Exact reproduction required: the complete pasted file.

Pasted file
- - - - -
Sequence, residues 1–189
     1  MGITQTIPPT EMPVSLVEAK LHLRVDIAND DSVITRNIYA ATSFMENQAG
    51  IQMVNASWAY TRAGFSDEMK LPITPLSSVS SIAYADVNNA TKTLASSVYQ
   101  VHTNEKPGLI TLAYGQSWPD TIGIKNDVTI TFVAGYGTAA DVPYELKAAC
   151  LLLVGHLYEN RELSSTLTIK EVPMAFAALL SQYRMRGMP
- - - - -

Sequence, residues 1–189
     1  MGITQTIPPT EMPVSLVEAK LHLRVDIAND DSVITRNIYA ATSFMENQAG
    51  IQMVNASWAY TRAGFSDEMK LPITPLSSVS SIAYADVNNA TKTLASSVYQ
   101  VHTNEKPGLI TLAYGQSWPD TIGIKNDVTI TFVAGYGTAA DVPYELKAAC
   151  LLLVGHLYEN RELSSTLTIK EVPMAFAALL SQYRMRGMP